“Memories will always be there, they can come in any kind of house. Human relationships are more fundamental than the shape of walls. I have seen families that are very warm and welcoming even though they live in small flats, and have had to convert a table into a bed for the night. At the same time, a beautiful and peaceful house that is in tune with Nature and has its own little backyard, a well and a tiny poultry coop, gives you a lot of peace and satisfies your aesthetic sense. So you must have both, an aesthetically satisfying house as well as warm, loving residents. That is true beauty.”

Isabel Santa Rita Vas, the playwright

Plays staged by Mustard Seed Art Company from 1987 to 2013

All My Sons – Arthur Miller

Jonathan Livingston Seagull – (adapted)Richard Bach

Ile- Eugene O’Neil

Trifles– Susan Glaspell

Is There Room at the Inn? – Ted Hughes

Oliver! –(adapted) Charles Dickens

One Flew O’er the Cuckoo’s Nest – (adapted) Ken Kesey

Seize the Day – (adapted) Dead Poets’ Society

Run Baby Run – (adapted) David Wilkerson

The Valley of Brightness –(adapted) Cry, the Beloved Country

A Leaf in the Wind – Isabel S.R. Vas

Asterix in Goa – Mario Coelho, Harvey d’Souza

Pinocchio – adapted from the story by Carlo Collodi

On the Road to Damascus – Harvey d’Souza

Swinging Time – Isabel S.R. Vas

Who Sits Behind My Eyes – Isabel S.R. Vas

Who Killed the Ministers – Harvey d’Souza

A Slice of the Moon – Mario Coelho

Fiddlesticks! – Isabel S.R. Vas

The Dancing Statue – Isabel S.R. Vas

My Name is Goa – Isabel S.R. Vas

The Stars are Dancing – Isabel S.R. Vas

The Mask of Hiroshima – Ernest Farlita

It’s a Hot Day, Thank God – Isabel S.R. Vas

Suddenly in the Twilight – Katherine Snodgrass

A Harvest of Gold – Isabel S.R. Vas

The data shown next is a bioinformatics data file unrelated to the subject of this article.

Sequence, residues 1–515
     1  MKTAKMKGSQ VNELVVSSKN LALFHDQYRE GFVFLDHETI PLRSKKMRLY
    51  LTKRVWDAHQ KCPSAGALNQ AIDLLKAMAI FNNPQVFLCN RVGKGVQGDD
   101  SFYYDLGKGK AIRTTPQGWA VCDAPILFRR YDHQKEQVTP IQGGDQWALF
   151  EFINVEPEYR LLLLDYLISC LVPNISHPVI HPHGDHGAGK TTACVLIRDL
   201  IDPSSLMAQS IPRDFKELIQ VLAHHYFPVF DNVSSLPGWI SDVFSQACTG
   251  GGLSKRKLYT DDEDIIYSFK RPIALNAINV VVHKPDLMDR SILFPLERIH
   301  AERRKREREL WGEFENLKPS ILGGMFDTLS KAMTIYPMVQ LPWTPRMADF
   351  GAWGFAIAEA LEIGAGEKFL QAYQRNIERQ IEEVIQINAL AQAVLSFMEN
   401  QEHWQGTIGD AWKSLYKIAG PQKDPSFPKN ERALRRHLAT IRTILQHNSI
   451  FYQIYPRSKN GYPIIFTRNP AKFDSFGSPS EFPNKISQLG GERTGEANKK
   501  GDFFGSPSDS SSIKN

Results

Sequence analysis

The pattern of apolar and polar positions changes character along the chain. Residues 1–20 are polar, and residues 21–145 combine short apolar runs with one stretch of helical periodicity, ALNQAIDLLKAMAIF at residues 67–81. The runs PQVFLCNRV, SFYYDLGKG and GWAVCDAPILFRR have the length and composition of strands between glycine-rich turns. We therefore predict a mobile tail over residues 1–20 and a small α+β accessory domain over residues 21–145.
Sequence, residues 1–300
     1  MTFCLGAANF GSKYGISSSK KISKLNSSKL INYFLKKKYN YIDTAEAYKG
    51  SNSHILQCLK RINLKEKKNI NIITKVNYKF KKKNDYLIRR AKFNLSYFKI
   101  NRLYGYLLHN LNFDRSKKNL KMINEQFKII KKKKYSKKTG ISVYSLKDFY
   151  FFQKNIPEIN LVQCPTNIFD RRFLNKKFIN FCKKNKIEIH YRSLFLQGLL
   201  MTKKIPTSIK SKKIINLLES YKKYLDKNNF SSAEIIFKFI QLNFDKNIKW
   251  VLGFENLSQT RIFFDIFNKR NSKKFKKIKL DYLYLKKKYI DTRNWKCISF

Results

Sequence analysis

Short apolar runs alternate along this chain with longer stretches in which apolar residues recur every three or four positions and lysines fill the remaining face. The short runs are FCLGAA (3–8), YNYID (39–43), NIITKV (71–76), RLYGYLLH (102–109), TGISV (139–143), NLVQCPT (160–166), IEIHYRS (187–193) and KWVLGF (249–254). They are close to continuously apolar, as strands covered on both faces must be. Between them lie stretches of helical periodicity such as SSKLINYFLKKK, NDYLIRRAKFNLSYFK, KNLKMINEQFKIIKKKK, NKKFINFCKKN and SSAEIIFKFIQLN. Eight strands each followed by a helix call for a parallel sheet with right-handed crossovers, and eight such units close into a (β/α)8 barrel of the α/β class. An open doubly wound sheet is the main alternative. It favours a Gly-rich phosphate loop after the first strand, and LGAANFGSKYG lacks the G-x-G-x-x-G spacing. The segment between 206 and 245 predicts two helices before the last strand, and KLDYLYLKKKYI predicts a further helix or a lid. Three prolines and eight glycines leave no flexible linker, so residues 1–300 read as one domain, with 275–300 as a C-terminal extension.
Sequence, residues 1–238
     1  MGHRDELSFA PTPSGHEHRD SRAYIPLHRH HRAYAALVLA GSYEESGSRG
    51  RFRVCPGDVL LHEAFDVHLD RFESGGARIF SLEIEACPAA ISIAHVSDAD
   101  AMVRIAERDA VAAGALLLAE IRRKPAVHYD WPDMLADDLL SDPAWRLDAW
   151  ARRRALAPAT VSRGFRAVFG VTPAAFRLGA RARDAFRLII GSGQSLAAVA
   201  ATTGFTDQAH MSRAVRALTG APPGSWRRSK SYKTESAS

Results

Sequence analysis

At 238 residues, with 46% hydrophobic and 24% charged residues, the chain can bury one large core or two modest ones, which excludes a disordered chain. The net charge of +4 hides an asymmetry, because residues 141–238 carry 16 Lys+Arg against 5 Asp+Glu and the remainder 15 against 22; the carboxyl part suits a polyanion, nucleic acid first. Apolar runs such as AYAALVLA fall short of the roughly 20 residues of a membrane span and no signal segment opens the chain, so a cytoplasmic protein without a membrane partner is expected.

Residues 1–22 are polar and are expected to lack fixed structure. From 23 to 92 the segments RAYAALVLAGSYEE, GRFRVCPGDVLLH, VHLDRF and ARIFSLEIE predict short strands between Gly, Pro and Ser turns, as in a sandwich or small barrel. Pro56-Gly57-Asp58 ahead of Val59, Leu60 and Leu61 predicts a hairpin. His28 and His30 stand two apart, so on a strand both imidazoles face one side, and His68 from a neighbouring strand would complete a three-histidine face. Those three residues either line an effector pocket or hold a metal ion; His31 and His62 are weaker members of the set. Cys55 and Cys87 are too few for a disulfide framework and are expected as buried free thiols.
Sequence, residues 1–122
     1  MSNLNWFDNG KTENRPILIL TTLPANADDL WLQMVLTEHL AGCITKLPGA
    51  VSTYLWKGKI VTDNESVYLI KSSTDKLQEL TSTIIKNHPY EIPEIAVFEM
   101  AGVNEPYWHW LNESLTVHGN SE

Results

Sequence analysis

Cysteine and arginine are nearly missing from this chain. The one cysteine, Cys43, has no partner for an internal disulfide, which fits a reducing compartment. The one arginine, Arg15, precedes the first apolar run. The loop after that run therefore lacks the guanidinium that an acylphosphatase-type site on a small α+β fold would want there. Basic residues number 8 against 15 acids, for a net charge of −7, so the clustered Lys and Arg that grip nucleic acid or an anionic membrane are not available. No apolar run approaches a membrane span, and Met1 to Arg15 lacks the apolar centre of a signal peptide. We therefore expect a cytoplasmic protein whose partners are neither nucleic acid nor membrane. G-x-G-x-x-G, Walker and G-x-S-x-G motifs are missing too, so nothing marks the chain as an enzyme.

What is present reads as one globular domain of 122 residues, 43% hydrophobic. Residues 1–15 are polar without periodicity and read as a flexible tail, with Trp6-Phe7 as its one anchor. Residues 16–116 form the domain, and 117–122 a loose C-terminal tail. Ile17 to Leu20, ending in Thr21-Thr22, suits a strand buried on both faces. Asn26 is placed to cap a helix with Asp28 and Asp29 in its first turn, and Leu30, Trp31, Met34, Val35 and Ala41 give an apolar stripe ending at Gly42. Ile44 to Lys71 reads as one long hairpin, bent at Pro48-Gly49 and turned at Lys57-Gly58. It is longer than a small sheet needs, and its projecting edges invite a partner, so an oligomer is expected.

Murder in the Cathedral – T.S. Eliot

Of Mice and Men – John Steinbeck

Prophets and Losses – (adapted) Khalil Gibran

Before Breakfast – Eugene O’Neill

Suppressed Desires – Susan Glaspell

The Sexes – Dorothy Parker

Hello Out There – William Saroyan

The Valiant – Holworthy and Middlemass

I Beg Your Pardon – (adapted) Joe Carrie

The Case of the Missing Piece – Isabel S.R. Vas

Tara – Mahesh Dattani

Little Boxes – Isabel S.R. Vas

Ask the Mask – Isabel S.R. Vas

The Peacock Has Gone for a Walk – Isabel S.R. Vas

Spectacles of Peace – Isabel S.R. Vas

Birds – an adaptation of the story by J. Hart

Whose Dog is it Anyway? – (adapted) A. Chekhov

Bhaji Puri – Isabel S.R. Vas

On the Holy Trail – Isabel S.R. Vas

Kator re Bhaji – Isabel S.R. Vas

Ghosts at Large – Isabel S.R. Vas

Rabindrababu at the Post Office – Isabel S.R. Vas

Those Ragamuffins – Isabel S.R. Vas

Art for Art’s Sake – Isabel S.R. Vas

Karuna – Michelle Noronha

A Harvest of Gold – Isabel S.R. Vas

My Name is Goa – Isabel S.R. Vas

Spectacles of Peace – Isabel S.R. Vas

Sandals on the Doorstep – Isabel S.R. Vas

No Bats in My Attic! – Isabel S.R. Vas

The play will be staged at 6.30 pm on 27th May 2013, at the Dinanath Mangueshkar Kalamandir, Kala Academy, Panaji, and at 7.30 pm on 28th May at the Black Box, Ravindra Bhavan, Margao. Donation Passes are available at Magsons Supercenter, Miramar, Panaji, and Optica Opticians, Near Longuinhos, Margao. . . .